Wheat Leading Grain, Soybeans Mostly Higher Overnight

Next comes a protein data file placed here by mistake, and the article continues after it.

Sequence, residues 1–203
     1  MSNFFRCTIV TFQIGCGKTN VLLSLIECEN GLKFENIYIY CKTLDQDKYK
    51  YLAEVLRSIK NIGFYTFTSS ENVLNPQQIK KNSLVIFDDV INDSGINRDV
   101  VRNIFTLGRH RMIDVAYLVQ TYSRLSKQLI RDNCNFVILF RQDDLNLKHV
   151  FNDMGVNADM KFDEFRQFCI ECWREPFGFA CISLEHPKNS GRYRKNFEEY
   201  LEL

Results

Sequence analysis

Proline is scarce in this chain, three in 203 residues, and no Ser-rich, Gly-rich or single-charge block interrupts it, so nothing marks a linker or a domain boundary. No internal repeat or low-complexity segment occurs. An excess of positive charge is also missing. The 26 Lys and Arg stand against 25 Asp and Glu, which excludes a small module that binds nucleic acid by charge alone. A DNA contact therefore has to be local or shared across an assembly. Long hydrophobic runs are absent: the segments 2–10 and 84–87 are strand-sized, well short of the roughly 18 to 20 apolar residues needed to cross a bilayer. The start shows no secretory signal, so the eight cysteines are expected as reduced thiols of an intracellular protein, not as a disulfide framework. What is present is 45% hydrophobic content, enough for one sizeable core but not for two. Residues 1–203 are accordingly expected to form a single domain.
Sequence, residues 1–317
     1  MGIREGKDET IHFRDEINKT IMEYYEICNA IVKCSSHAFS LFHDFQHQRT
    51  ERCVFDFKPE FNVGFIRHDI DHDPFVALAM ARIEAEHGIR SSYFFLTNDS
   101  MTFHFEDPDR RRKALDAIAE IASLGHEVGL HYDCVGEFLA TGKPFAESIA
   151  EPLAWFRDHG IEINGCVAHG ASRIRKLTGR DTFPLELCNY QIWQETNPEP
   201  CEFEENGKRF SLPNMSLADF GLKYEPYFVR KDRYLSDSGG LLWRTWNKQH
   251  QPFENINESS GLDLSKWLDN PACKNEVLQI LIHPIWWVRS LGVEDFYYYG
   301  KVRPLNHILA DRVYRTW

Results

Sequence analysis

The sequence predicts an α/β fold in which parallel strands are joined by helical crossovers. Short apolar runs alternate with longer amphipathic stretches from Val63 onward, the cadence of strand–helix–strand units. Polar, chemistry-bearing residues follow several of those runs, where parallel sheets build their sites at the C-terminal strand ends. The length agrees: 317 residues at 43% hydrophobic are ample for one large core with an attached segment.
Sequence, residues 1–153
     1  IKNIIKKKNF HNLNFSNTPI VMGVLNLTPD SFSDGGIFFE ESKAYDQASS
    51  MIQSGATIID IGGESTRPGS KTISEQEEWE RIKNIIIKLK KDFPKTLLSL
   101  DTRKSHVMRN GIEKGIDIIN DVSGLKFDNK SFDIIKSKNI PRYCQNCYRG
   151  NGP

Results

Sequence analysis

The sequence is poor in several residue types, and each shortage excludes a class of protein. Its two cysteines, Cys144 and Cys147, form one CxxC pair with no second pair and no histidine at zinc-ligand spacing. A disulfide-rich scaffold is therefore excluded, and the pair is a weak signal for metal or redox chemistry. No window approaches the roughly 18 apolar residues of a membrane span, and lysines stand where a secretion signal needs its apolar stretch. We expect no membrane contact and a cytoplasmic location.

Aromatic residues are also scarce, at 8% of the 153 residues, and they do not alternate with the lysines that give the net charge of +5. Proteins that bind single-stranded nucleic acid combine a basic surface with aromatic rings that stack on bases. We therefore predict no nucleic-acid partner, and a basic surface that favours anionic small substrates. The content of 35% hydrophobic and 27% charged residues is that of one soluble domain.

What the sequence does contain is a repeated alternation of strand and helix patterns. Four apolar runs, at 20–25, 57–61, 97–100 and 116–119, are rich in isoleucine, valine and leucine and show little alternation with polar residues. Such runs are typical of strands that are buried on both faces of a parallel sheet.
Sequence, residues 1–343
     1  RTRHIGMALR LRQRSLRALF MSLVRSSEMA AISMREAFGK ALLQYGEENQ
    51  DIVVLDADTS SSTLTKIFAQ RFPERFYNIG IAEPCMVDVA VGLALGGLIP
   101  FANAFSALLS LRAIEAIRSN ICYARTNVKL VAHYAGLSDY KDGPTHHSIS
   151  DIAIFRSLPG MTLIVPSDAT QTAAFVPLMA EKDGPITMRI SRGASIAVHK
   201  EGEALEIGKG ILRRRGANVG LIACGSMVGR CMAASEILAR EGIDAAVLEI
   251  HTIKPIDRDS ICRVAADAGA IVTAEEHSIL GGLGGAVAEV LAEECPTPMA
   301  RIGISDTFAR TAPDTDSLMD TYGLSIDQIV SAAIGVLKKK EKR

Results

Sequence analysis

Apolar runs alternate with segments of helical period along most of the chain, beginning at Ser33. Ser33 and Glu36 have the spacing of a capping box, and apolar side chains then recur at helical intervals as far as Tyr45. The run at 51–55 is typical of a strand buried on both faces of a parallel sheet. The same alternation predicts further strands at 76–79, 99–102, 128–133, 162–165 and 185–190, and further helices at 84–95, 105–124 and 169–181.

Grain and soybean futures prices are mostly higher in overnight trading, led by wheat, which is catching a short-covering bid as funds realign their positions amid thin news and rising worries about US dryness.\r\n   The crisis in Ukraine continues to give traders jitters, even though grain shipments to and through the ports remains unaffected.\r\n   Corn is following wheat reluctantly, especially after Brazil’s CONAB Wednesday issued a higher corn production estimate than traders were expecting.  CONAB pegged total corn production at 75.2 million tonnes, only slightly lower than the 75.5-million-tonne estimate in February but still above the USDA’s estimate of 70 million.\r\n   Brazil’s summer corn production was reduced 1.2 million tonnes on lower yield in some areas because of drought, although the second-crop production estimate was raised on a hike in acreage and a slight bump in yield.\r\n   Market analysts report moisture conditions in Brazil’s Corn Belt are more than adequate currently, and should they remain so, production is likely to provide ample stocks for export.  AgResource estimates that the USDA is underestimating Brazilian corn exports slightly.\r\n   China continues to try to resell Brazilian soybeans back into the market or cancel orders outright, market analysts said.  It’s unclear just how much has been cancelled, but there are indications the volumes have been sizeable.  Reports indicate some port elevators have switched to corn from soybeans.\r\n   The USDA Wednesday issued a report on the planting prospects in Ukraine.  http://www.pecad.fas.usda.gov/highlights/2014/03/ukr_11march2014/\r\nThe report says current prospects for winter crops and spring sowing remain generally favorable.  Wheat planting is done, and the availability of inputs for row-crop planting remains uninterrupted, the USDA said.\r\n   Conditions for winter wheat production in Ukraine have generally been favorable, and “the Hydromet Center of Ukraine reports that winter crop losses will be lower than average this year,” the USDA said.\r\n   Importantly, access to standard sources of credit for Ukraine’s farmers has not been impeded, the USDA said.  Borrowing from banks is limited anyway by interest rates of around 20%, forcing producers to use their own money or forward sell their crops to fund their input needs.\r\n   However, traders became nervous yesterday when Crimea’s parliament declared independence from Ukraine ahead of Sunday’s referendum to determine whether the people of Crimea want to secede from Ukraine and become part of Russia.  At first, it seemed Parliament was upstaging the vote, but a Reuters story this morning says it is a necessary step before Sunday’s vote. \r\n   Meanwhile, the whole issue of Crimea continues to upset markets and even upstage the political turmoil still going on in the rest of Ukraine.\r\n   Hog markets continue to drive the livestock trade.  Production remains tight, and the pork cutout value is record high, but with April off more than $1.00 and June and July only a little higher, the panic may have evaporated for now, market analysts said. \r\n   The Porcine Epidemic Diarrhea virus remains unchecked, but heavier slaughter weights appear to be making up for most of the lost pork production, analysts said.  Cash prices continue to rise, but the CME appears to have priced in ample pork production losses.\r\n   No fed cattle trading was reported in the Plains Wednesday.  Market momentum appears to be sluggish, grinding higher as bullish near-term fundamentals maintain support while uncertainty about cash strength and consumer acceptance of higher prices weighs on rallies, ADMIS said.\r\n   Cash bids surfaced in the Plains Wednesday at $146 per cwt on a live basis, but asking prices held between $150 to $152.  No dressed-basis bids were reported, but asking prices were around $242. \r\n   Slaughter is catching up with last week, with the USDA estimating the week-to-date kill at 334,000 head, on par with last week.  However, the figure is 6.7% behind the 358,000 at the same time a year ago.\r\n   The USDA reported choice boxed-beef Wednesday at $241.51 per cwt, up $0.04 and select at $236.76, down $0.95.  The choice/select spread widened to $4.75, but the number of fabricated loads sold into the spot market was an impressive 207.\r\n   Feeder cattle were up Wednesday as the market responded to support in the live cattle pit and technical buying interest.\r\n   The CME Feeder Cattle Index for the seven days ended Tuesday was $173.70, up $0.14 while the March futures contract closed Wednesday at $173.97, up $0.05.\r\n